A colourful vibrant styled photo shoot featuring Pre Raphaelite inspired wedding dresses, a medieval banquet, and a fairytale theme…
I’ve always loved the lush beauty of the art produced by the Pre-Raphaelites, and Edward Burne Jones, often called the last of the Pre-Raphaelites, has a particular resonance for me as he was based for much of his working life in the village of Rottingdean, on the outskirts of my hometown of Brighton. There are even a couple of his stained glass window designs in the church just around the corner from where I live…..he was a prolific designer as well as a painter, and created many beautiful stained glass windows and tapestries for his friend William Morris’s company.
When I heard there was to be a major exhibition of Burne Jones’s work opening at the Tate this autumn I thought it could provide a wonderful source of inspiration for a styled shoot….fortunately when I contacted cake designer Elizabeth Solaru of Elizabeth’s Cake Emporium she agreed, and we decided to get to work together on a collaboration. We chose to take one of the key attractions of the exhibition, the cycle of paintings known as ‘The Legend of Briar Rose’ (created between 1885 and 1890), as our focal point….. using the colours and atmosphere of this magical series to infuse our shoot with a similar fairytale aesthetic. The Legend of Briar Rose will be familiar to all as the Sleeping Beauty myth….but in a world before Disney of course, Burne Jones was entranced by the darker and more complicated version told by The Brothers Grimm, who in turn were gathering and retelling older tales from middle European folklore.
In the Burne Jones paintings, he captures a moment when Briar Rose and all the castle inhabitants are asleep, but are nearly at the point of being awoken. We decided we’d like to create that scene for ourselves, so we see Rose asleep, the chaise and floor covered with beautiful tapestries and William Morris prints and the posts dressed with trailing ivy. The embroidery hoop and the spindle on which she pricked her finger are cast aside, and her courtiers asleep around her. We also see the banquet that was just about to take place as the castle fell under the sleeping spell, and the dreaming of the sleeping maidens as they remember the hours before the curse took hold. Finally, a figure in a gilded gown is glimpsed at the castle gates…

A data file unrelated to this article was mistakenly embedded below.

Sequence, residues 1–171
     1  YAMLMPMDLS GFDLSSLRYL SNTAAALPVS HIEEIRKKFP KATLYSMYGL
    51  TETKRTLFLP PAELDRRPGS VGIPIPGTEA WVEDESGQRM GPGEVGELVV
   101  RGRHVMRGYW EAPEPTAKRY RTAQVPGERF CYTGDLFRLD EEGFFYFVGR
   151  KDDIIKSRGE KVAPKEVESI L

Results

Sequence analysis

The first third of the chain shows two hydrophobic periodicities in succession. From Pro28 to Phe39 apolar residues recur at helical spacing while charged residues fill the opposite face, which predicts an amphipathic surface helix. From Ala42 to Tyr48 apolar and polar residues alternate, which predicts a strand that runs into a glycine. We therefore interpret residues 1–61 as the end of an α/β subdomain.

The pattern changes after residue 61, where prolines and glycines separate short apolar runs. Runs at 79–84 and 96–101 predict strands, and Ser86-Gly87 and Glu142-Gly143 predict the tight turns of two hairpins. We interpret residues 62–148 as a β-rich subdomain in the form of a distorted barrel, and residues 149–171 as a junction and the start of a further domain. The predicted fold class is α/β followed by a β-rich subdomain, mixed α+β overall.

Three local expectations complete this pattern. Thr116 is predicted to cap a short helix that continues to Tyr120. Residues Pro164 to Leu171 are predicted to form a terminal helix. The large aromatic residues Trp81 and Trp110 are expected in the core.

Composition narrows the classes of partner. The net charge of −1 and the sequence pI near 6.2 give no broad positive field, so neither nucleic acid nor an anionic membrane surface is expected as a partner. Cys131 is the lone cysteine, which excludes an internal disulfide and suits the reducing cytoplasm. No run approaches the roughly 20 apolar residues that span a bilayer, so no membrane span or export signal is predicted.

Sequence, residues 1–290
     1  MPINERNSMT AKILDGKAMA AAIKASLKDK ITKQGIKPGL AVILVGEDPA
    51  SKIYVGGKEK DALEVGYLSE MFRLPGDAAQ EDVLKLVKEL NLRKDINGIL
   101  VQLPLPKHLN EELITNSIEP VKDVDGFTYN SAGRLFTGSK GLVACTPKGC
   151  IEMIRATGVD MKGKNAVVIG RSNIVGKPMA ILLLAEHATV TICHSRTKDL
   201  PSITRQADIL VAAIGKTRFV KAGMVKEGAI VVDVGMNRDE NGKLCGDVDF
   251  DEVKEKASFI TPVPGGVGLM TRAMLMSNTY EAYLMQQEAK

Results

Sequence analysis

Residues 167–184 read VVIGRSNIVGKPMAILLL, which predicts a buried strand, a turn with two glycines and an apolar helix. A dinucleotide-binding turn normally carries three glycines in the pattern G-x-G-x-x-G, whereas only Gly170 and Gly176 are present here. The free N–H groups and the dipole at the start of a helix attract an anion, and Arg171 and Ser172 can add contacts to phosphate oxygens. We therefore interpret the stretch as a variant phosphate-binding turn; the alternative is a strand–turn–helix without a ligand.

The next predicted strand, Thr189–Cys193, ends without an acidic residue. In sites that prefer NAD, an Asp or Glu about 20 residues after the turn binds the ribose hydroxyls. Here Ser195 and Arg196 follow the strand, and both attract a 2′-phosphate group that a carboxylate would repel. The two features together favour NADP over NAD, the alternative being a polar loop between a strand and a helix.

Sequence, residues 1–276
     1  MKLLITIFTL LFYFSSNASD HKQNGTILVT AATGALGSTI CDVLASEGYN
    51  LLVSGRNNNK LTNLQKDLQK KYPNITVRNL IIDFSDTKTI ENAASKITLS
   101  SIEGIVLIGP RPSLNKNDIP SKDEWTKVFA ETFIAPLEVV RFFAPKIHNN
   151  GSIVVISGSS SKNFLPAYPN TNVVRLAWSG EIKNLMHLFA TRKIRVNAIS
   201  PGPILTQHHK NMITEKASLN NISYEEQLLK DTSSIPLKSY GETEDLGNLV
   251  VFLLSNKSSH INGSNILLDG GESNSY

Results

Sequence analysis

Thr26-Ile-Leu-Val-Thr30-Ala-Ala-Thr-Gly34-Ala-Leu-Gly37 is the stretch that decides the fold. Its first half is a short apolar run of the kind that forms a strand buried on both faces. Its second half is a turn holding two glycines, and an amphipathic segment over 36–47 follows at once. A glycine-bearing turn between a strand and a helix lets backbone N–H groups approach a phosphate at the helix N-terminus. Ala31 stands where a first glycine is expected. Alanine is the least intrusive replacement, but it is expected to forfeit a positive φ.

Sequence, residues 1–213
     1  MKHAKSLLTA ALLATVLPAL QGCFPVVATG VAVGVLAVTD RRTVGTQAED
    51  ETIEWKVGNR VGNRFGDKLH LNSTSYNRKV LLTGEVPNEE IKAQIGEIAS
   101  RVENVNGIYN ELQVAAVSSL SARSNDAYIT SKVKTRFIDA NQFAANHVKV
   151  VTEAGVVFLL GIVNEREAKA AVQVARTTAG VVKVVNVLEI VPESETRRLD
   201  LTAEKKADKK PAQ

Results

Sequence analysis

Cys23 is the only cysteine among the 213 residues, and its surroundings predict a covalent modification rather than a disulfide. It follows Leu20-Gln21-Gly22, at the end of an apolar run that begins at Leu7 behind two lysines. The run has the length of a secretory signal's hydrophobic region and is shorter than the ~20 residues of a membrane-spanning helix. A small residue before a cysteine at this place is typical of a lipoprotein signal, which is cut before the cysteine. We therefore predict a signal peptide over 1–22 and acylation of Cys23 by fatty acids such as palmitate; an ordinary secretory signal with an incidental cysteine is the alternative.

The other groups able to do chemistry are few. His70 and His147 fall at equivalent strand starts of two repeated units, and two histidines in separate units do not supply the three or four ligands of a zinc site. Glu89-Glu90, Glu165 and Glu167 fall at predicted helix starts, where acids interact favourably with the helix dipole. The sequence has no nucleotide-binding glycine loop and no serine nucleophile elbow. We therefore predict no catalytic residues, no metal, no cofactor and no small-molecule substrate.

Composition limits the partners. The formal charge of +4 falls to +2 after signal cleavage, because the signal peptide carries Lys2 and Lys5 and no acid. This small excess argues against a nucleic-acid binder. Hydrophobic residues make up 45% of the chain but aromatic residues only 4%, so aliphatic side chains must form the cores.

Elizabeth and I were so thrilled when photographer Jo Bradbury agreed to capture our fairy tale….I had worked ‘remotely’ with her on a couple of projects previously, so was extra glad to finally get to meet her in person….and when she told us she had studied the Pre-Raphaelites for her dissertation we knew her in depth knowledge of the aesthetic would be hugely helpful.
Our venue was Michelham Priory, one of three historic sites owned and administered by charitable organisation The Sussex Archaeological Society … all three venues are available to hire for weddings, via Hannah and her team who welcomed us so warmly on shoot day. Michelham Priory nestles in the heart of the Sussex countryside, encircled by its moat (the longest filled moat in England) like a gem in a medieval crown. The original Priory was established in 1229 as a rare fortified monastery of the Augustinian order, and the original vaulted undercroft can still be seen as the ground floor of the later tudor manor house built after the dissolution of the monasteries. The extensive grounds include both Physic and Cloistered gardens, a working water mill and forge, and a gate tower.
The adjacent listed Elizabethan barn (which doubles as the Priory’s wedding and event space) , dating back to the late 16th C, with its timber frame clad with tarred weatherboards and the arched queen post roof covered with pegtiles was perfect as the principal location for the shoot…..
Elizabeth’s styling ideas for the magnificent medieval table laden with flowers and fruit, using bold colours with the addition of luxurious metallic touches of gold, rose gold and copper were wonderfully brought to life by florist Alice Calcasola of All In One Season and her team.
Alice created a full blown medieval inspired banquet table using a combination of bold and soft coloured flowers including red and yellow roses, orange ranunculi, and pink tulips. Assorted berries, delicate foliage, trailing ivy and fruit also featured in the design. She fashioned the flowers and foliage into a tumbling floral cascade over one side of the table for a contemporary asymmetric look. The table was set with gorgeous crockery and crystal, with ornate candelabras, coloured glass votives and gilded ornaments from Wedding Day Hire…..brass candlesticks and pink Ester and Erik candles finished off the look.
Alice also created the vibrant asymmetrical trailing bouquet.
No banquet is complete without an opulent and luxurious centrepiece of sweet confectionery, and Elizabeth’s stunning cakes were truly regal…